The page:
Presentation on theme: "This Mini-Lesson will cover: 1) How did our solar system form? 2) How do we discover planets outside our solar system?"— Presentation transcript:
This Mini-Lesson will cover: 1) How did our solar system form? 2) How do we discover planets outside our solar system?
Day 1: The Nebular Hypothesis Scientists have long debated the origins of the solar system. In the 1600s and 1700s, many scientists thought that the sun formed first and threw off the materials that later formed the planets. This was incorrect.
The Nebular Hypothesis, continued In 1796, French mathematician Pierre Simon, advanced a hypothesis now known as the nebular hypothesis. States that the Sun and all the planets were formed from a huge, rotating cloud of gas and dust 4.6 billion years ago. Particles slowly gathered together by the pull of gravity forming the Sun and planets. The sun is composed of about 99% of all of the matter that was contained in the solar nebula.
Day 1: Formation of the Solar System
Good you tube videos. (WE WANT YOU TUBE!!) 1) Mr. Mister Big Head on Origin of Solar System 2) 2 minute animation on the Nebular Hypothesis.
Day 2: Evidence for Nebular Hypothesis Read the article on from Cornell University’s Ask an Astronomer. r=600 r=600 After reading the article cite all the evidence 3 pieces of evidence that supports the Nebular Hypothesis.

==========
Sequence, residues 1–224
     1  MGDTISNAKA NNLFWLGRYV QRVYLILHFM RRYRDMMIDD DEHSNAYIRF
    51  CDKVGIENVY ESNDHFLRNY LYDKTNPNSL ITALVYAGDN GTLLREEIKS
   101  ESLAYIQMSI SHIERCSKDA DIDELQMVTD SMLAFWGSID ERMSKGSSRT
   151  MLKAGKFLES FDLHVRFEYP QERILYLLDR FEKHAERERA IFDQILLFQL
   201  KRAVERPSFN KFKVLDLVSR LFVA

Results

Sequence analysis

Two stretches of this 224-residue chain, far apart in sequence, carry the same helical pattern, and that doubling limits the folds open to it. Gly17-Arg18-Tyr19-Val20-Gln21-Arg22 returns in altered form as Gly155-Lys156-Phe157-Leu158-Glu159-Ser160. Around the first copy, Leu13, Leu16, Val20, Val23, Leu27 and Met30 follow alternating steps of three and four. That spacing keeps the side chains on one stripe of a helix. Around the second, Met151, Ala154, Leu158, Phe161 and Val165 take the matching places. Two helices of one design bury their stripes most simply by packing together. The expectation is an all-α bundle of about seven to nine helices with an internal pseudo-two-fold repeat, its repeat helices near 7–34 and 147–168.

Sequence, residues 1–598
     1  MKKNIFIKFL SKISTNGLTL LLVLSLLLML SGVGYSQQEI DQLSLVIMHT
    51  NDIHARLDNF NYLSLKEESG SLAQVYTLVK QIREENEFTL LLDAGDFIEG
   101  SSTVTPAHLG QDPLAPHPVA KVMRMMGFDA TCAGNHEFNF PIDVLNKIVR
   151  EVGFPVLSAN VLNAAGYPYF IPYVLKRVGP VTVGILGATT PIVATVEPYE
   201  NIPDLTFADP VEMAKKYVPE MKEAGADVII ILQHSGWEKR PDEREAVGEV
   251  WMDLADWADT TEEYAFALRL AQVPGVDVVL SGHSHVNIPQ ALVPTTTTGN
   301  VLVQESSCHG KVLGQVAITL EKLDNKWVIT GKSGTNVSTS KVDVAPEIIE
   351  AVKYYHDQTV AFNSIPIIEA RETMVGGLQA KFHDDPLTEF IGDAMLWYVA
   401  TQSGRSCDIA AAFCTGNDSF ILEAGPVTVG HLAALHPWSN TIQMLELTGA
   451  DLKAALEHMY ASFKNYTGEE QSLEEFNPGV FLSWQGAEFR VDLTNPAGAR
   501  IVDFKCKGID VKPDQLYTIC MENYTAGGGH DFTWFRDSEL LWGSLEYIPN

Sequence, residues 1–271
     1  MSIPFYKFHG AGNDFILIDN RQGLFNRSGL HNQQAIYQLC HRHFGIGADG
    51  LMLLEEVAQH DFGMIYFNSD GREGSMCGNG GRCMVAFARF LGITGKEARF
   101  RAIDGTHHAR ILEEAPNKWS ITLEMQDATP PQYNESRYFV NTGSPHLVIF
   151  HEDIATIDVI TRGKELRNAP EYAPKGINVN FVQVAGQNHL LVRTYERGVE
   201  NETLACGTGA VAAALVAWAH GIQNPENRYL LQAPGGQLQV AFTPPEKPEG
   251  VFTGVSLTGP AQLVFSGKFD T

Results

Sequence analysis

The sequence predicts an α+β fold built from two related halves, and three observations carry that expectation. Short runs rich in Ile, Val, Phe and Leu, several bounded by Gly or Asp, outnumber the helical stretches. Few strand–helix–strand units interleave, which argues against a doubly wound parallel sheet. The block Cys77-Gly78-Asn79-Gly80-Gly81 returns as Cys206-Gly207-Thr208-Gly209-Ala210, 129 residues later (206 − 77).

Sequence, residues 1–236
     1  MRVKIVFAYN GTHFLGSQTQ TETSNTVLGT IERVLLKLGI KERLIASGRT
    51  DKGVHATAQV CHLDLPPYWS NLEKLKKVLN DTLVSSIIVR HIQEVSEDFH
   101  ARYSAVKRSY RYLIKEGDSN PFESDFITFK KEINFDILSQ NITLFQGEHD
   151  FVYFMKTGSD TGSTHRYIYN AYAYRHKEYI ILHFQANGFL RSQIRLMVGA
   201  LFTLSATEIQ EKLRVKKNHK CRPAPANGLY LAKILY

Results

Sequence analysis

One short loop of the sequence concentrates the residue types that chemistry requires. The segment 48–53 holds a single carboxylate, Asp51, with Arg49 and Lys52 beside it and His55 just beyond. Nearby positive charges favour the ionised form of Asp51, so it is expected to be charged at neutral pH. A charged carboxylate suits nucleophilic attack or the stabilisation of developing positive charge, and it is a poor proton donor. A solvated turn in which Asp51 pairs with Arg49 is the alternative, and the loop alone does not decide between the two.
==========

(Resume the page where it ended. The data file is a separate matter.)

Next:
Day 2: Answers All planets and most moons orbit in the same directions and all the planets rotate in the same direction. This is consistent with the solar system forming from a giant rotating cloud. We have seen young stars with disk of debris around them like the disk of debris in the Nebular Hypothesis. Computer models of the Nebular Hypothesis predict the current solar system well. Larger gaseous plants farther away from the Sun fit the model because they would have more material to collect.
Day 3: Exoplanets Watch the following video on exoplanets. Go to link and click on Overview: the Search Begins 1) What are exoplanets? 2) How many exoplanets have been discovered? 3) What are the sizes of all the planets that have been discovered? 4) How are exoplanets found? 5) Why it the purpose of NASA’s Kepler Project
Day 3: Answers Exoplanets are planets that circle stars other than Earth’s sun. 357 expoplanets have been discovered so far. All of the exoplanets that have been identified are larger than Saturn because current technology can only detect large planets. Exoplanets cannot be directly observed with telescopes but they can be detected by their gravity tugs on stars that they orbit or by interfering with the light coming from those stars.